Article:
January 2 Is National Pet Travel Safety Day

Central Veterinary Associates is reminding pet owners that January 2, 2014 is National Pet Travel Safety Day, and urges those who travel with their pets to take the necessary precautions for a more enjoyable trip.

Approximately 51% of U.S. pet owners take their pets with them when they travel, according to a study by Best Western International and the American Automobile Association (AAA). In order to help you prepare for any upcoming trips, Central Veterinary Associates urges you to review these ten helpful tips:

•    Consult your vet ― Let your pet’s veterinarian know about your upcoming trip and see what he/she has to say. Since your veterinarian is aware of your pet’s vaccinations and behavior, make sure they feel that it’s okay for your pet to travel with you.

•    Practice runs ― Before bringing your pet for a long ride, consider taking him/her for shorter rides around town and see how your pet handles them. If your pet does not seem comfortable, maybe a day of traveling is not a good idea.

•    Don’t forget to buckle up ― Many pet owners forget the importance of placing a seat belt on their pets. According to a study by AAA, 30,000 car accidents are caused each year due to unrestrained pets. Perhaps purchase a pet car seat, pet barrier or travel crate to ensure your pet’s safety― and your own―while driving.

•    Identification is crucial ― To ensure that you and your pet will not lose one another, remember to keep their identification up to date ― dog tags, microchips, etc. This way, if there is confusion during your trip and your pet is missing, someone can call you as soon as possible to let you know where your pet is.

•   Bring a first aid pet kit ― You never know when a pet will become ill or injured. Be sure to bring a first aid kit and your pet’s most recent medical records. Make sure to pack gauzes, bandages, and hydrogen peroxide in the kit. However, always remember to contact a professional veterinarian before treating a pet on your own.

•    Make pit stops, if possible ― The American Veterinary Medical Association recommends that pet owners stop every two to three hours on a road trip. This will give pets some time to stretch and go to the bathroom without feeling restrained.

•    Eat and stay hydrated ― We all know to expect the unexpected when traveling, which includes delays and cancellations. Take extra food and water for your pets, just in case. You never know how long you’re going to wait in traffic or for a flight.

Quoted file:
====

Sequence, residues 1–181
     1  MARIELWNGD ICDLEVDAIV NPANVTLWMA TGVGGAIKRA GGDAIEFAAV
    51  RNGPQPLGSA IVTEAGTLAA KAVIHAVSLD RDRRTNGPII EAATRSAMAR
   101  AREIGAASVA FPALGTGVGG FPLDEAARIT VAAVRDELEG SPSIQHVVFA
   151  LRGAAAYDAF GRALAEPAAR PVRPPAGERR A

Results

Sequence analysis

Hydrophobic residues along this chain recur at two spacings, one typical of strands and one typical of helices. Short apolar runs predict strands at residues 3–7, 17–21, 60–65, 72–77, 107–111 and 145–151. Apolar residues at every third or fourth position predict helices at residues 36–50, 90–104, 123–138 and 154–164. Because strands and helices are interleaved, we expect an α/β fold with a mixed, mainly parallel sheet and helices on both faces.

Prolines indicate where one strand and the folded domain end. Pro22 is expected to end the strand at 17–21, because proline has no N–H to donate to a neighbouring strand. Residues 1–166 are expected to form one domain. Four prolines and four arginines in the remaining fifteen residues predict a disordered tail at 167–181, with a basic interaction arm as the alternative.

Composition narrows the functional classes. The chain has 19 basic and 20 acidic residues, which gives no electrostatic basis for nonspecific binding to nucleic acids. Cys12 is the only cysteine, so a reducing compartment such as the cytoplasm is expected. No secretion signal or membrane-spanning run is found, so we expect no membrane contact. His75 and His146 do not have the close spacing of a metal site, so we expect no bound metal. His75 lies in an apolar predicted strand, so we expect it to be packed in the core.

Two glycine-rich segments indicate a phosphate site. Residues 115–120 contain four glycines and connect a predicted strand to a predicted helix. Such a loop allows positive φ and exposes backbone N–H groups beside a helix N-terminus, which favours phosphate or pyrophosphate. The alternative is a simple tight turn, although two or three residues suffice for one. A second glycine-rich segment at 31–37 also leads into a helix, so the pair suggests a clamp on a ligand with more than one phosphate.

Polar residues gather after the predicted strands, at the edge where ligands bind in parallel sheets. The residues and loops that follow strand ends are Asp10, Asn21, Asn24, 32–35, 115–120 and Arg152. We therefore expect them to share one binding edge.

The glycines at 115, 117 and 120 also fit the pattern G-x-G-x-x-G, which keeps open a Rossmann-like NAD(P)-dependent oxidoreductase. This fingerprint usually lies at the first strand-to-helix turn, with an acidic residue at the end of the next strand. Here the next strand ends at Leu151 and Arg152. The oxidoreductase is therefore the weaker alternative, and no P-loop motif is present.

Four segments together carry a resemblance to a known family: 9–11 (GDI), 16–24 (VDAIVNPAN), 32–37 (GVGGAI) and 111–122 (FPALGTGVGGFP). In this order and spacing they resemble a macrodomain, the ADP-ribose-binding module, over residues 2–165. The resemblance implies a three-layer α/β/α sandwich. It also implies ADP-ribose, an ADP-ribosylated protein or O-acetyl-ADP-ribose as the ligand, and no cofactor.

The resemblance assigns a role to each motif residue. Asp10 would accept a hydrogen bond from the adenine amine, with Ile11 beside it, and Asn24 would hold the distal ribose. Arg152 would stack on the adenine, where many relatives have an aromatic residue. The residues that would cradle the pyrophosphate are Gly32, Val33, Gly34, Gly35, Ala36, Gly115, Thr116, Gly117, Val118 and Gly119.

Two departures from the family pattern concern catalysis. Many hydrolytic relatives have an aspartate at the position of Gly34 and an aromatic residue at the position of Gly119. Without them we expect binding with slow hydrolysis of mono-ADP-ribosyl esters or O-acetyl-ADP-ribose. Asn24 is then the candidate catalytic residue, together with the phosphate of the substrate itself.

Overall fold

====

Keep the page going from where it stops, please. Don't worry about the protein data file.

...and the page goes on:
•    Do your research ― Many airlines charge additional fees to bring a pet on board. Whether your pet will be flying in the cabin or as checked baggage, you want to make sure you have enough money to take them along and ensure that they will be comfortable. If you’re traveling outside of the country, you will also need an international travel certificate from a USDA-certified veterinarian, which CVA has on staff. For international travel, you will also have to know which vaccines and tests are required for your pet to enter the country.

•   Get a pet carrier ― Purchase a kennel or carrier that fits your pet. Make sure your pet can turn around and stand without hitting its head.  Each airline has a different kennel/carrier dimension restriction, and the United States Department of Agriculture does require each kennel to have food and water dishes, stickers that indicate “Live Animal,” upright arrows and proper bedding.

•    Exercise ― Prior to putting your pet in a kennel or carrier, allow time for exercise since they will be sitting in a small area for a while. Consider taking your pet for a walk or letting them roam around in an open field or backyard.

“Making sure your pets are prepared for travel is essential for their good health and safety,” says Dr. John Charos, DVM, CVA’s chief executive officer and president. “Doing your research and taking precautions will make traveling easy and stress-free for you and your pet. There is no reason a dog or cat should be injured or harmed after traveling. If you have any major concerns, please do not hesitate to contact your veterinarian.”

Central Vets’ Valley Stream location is open 24 hours a day, seven days a week.  For an appointment or to obtain an international travel certificate, please call (516) 825-3066.

Leave a Reply

Your email address will not be published. Required fields are marked *